So the next step required us to CRAWL into the tipped-over basket and LIE DOWN in our designated position. That’s right! I had to crawl – like an animal – into my position, then lie on my back – like a DEAD animal – while holding on to some handles on the side of the basket.
However, while I was crawling into position, I almost freaked out… because my hair was untied, I had my sunglasses perched on my head, my scarf was flapping around, I had 1 camera around my neck and one small one around my wrist and I had to crawl right past the high powered fan. I was an accident waiting to happen!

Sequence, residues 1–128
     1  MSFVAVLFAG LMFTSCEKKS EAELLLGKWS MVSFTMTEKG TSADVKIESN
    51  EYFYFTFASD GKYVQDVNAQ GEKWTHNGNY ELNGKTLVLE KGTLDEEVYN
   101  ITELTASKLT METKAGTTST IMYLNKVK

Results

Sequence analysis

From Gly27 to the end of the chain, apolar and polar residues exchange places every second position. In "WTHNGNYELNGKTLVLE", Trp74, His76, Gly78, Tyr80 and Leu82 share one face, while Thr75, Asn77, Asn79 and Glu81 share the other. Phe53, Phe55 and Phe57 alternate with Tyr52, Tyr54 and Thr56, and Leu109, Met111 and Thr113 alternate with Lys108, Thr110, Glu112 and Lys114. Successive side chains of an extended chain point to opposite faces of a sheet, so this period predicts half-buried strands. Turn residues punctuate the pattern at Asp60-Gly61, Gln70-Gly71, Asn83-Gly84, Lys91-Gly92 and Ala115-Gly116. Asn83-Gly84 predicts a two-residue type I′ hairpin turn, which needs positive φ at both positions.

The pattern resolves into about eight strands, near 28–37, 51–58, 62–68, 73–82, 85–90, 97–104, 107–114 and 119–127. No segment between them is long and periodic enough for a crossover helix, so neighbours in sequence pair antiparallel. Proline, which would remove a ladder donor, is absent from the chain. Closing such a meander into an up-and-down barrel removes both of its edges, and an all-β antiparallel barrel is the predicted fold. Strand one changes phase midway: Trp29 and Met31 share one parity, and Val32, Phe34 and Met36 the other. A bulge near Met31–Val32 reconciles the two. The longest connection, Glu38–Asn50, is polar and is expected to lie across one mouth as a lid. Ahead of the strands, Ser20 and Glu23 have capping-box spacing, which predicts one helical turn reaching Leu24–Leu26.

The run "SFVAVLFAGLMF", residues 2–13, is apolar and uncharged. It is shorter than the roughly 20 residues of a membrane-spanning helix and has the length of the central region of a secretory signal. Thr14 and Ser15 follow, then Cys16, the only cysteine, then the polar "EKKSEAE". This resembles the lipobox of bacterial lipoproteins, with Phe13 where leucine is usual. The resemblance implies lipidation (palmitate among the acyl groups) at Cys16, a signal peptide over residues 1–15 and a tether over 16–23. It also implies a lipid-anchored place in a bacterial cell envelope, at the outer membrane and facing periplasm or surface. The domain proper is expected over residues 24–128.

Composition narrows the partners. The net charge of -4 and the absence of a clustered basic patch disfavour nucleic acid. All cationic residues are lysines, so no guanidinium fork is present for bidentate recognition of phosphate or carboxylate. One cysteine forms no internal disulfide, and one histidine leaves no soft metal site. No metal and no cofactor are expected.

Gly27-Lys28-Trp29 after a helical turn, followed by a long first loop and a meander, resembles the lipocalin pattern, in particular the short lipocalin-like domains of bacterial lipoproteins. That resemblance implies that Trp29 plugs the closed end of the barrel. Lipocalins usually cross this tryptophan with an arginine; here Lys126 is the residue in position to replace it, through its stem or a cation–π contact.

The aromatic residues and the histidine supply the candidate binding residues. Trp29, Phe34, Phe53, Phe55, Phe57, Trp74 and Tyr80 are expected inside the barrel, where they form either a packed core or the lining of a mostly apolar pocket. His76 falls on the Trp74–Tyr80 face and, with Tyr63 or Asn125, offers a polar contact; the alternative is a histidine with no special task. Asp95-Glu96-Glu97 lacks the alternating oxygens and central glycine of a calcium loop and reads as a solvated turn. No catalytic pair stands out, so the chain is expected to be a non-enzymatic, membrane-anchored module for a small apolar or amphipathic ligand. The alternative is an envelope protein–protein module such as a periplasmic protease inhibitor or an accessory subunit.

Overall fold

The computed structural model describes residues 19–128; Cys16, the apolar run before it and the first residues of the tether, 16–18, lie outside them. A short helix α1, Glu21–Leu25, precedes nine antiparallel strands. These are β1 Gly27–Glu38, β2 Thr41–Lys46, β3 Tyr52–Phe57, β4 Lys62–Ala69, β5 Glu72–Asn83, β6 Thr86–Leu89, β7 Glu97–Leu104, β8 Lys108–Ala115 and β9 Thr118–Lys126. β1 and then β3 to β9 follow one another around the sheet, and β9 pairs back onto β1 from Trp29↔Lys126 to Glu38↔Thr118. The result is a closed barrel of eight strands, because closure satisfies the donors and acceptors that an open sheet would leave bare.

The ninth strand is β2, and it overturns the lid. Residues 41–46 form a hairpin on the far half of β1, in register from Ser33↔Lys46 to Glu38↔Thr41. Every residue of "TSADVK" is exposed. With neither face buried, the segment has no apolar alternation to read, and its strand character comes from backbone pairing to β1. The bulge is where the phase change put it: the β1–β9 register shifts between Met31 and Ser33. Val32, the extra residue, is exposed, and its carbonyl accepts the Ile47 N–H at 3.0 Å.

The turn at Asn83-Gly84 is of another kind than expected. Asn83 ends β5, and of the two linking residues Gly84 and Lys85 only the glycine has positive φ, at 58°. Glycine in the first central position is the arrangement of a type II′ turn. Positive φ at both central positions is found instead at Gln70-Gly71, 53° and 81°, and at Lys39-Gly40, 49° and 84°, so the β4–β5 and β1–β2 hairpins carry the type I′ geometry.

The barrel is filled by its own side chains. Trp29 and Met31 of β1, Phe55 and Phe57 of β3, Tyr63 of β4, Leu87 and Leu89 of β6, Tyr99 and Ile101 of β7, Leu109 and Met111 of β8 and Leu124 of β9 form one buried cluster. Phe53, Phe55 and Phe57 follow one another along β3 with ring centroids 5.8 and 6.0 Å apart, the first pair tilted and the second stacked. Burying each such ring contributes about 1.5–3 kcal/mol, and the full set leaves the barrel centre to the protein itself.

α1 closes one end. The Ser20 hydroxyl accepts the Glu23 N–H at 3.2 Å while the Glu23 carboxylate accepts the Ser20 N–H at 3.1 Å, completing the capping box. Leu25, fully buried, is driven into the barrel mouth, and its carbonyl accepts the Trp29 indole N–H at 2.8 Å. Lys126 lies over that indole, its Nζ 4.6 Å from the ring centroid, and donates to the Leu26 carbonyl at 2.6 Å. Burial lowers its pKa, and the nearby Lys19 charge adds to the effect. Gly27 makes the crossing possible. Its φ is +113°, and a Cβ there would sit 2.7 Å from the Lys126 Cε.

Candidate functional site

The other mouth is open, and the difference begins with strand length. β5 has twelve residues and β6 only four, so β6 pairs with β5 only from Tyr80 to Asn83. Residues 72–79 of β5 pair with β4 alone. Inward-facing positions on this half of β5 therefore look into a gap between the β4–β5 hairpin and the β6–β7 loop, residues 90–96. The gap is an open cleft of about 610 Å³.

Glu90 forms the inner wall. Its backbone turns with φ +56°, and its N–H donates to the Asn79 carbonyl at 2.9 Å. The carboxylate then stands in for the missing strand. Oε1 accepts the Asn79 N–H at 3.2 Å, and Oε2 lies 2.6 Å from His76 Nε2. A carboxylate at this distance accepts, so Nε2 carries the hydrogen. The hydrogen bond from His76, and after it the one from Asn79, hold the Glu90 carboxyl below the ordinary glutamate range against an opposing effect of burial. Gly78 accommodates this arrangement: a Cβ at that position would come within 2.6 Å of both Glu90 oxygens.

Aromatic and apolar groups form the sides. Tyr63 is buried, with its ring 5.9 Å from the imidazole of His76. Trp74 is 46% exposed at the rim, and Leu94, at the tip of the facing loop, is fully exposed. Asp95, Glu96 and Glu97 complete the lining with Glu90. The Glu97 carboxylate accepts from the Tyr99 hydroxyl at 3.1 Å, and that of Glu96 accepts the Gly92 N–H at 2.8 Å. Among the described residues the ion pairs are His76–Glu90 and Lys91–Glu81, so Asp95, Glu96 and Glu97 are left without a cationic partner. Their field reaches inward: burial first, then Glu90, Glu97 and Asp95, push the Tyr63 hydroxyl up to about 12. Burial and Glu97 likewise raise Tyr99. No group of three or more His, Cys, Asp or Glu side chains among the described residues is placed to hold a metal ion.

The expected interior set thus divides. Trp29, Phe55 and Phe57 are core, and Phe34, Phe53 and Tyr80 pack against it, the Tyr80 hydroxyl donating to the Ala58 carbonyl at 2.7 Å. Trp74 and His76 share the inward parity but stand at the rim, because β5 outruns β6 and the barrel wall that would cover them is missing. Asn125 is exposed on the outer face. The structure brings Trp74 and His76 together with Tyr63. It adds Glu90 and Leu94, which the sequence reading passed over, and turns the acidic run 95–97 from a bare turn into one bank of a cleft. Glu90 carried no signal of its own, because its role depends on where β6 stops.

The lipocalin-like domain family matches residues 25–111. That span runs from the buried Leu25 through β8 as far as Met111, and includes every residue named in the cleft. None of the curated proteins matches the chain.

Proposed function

There were 15 of us lying on our backs, crouching into something that looked like a massive picnic hamper. It was a very strange experience so far, and it redefined my sense of personal space. Imagine a very crowded lift – but much more crowded. And the lift is on its side. And on fire. Can you see me in the photo above going “WHAT THE HELL?”
The pilot was really working the gas burner with long blasts, and I was getting hot from the heat it was radiating. I was seriously scared that the product in my hair would catch fire from this giant hair drier. But then our balloon reached a certain point of fullness, and then suddenly, the whole basket was lifted UPRIGHT and PHEW – I survived.
Look at me. Big, brave smile!!
As awkward as it was (the crawling-like-an-animal bit), I realized I was enjoying the adrenalin rush!! And it was pretty impressive to see the smoothness with which the crew were working.